(This article appeared in the Needham Times, November 9, 2006)
Face it: most of us don’t get enough exercise. We’ve got too much on our plates already, and many of us find the living room couch a lot more appealing. Maybe exercise seems too time-consuming, inconvenient, or boring. How many reasons can you think of not to exercise—three? Five? Ten?
How does your list stack up against the list of reasons in favor of exercising? You may be surprised to learn that there are well over fifty ways exercise can help you. Key benefits include reducing the risk of heart disease, cancer, diabetes, hypertension, stroke, obesity, chronic pain, osteoporosis, anxiety, and depression. After becoming more active, you’re likely to sleep better, have more energy, feel more confident, get sick less often, and be mentally sharper. If there were a pill that could do all this, we’d all be lining up at the pharmacy with cash in hand.
Let’s take a closer look at some of the more common objections to exercising:
“There’s not enough time.” Did you know that for every hour you spend exercising, you add two hours to your life? Exercise actually creates more time! Also, by preventing chronic health conditions, you will spend less time going to specialists, buying medication, and undergoing surgery.
“It’s too expensive.” While gym memberships and exercise equipment aren’t always cheap, the price is still relatively low compared to the cost of the extra healthcare you’ll require if you don’t stay fit. Also, there are plenty of forms of exercise that don’t cost a dime, such as walking.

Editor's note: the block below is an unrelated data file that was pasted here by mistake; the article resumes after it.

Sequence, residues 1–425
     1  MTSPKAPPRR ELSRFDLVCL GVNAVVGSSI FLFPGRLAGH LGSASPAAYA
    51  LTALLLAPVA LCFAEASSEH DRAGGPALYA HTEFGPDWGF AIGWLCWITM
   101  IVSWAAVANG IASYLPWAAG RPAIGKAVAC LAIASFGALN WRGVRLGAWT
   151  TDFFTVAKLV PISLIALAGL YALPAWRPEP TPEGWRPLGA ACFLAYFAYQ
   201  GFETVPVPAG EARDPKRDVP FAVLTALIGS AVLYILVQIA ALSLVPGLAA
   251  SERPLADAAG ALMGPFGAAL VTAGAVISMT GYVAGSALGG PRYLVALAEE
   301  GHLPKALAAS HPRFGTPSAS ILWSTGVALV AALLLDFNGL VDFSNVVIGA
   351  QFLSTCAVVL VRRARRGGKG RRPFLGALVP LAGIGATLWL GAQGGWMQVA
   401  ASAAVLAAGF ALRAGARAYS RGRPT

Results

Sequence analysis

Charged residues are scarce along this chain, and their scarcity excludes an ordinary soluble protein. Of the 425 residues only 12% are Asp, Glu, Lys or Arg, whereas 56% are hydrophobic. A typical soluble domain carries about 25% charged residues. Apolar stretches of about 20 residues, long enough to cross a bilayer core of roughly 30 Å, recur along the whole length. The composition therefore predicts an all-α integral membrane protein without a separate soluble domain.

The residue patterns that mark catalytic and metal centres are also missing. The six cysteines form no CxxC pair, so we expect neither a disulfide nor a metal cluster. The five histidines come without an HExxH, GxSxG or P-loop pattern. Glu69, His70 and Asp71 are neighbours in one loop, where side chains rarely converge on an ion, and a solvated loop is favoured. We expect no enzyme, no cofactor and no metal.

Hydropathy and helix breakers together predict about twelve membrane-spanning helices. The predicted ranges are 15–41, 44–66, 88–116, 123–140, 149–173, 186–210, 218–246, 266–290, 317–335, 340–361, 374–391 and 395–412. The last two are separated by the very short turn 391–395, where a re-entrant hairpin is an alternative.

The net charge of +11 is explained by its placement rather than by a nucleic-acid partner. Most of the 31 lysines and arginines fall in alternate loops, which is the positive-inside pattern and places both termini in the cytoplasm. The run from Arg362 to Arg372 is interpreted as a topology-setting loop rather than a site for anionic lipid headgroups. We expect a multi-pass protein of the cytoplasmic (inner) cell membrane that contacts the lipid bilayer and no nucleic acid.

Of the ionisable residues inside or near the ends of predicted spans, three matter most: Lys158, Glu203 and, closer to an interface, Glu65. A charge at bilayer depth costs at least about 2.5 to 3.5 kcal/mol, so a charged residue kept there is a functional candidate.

“It’s too cold (or hot) outside.” Too cold in the winter? Walk in a shopping mall—many of them open early just for walkers. Or consider taking up a winter sport such as snowshoeing. Keep moving and you’ll warm up quickly. Too hot in the summer? Go swimming in the community pool—it’s a bargain, and a great way to cool off.
“It’s no fun.” Make it fun! Listen to your favorite music (or comedy routines, podcasts, or books on tape) while exercising. Do it with a friend you’ve been wanting to see more often—or go to an exercise class (or join a sports league) and make new friends. Most importantly, choose something you enjoy doing, whether soccer, karate, or dancing.
“I’m in too much pain.” If you suffer from back pain or other types of chronic pain, take heart—exercise has been shown conclusively to decrease pain. You may find that low-impact activities such as swimming or bicycling are easier on your body. Of course, any exercise program should be designed in collaboration with your healthcare practitioners.
Finally, remember that exercise doesn’t always have to be something you add to your schedule—you can probably fit it into what you’re already doing. For example:
- Do you drive your children to school? Try walking instead. It helps them learn good health habits as well, and reduces pollution and traffic congestion.
- Ride an exercise bike while you watch TV. If you tape your favorite shows and save them for your workouts, you’ll look forward to getting on the bike.
- Take the stairs instead of the elevator.
- Bicycle to work.
- Walk at a gentle pace on a treadmill while working at your computer. This will require some modifications to your workstation, but the long-term weight-loss benefits are impressive.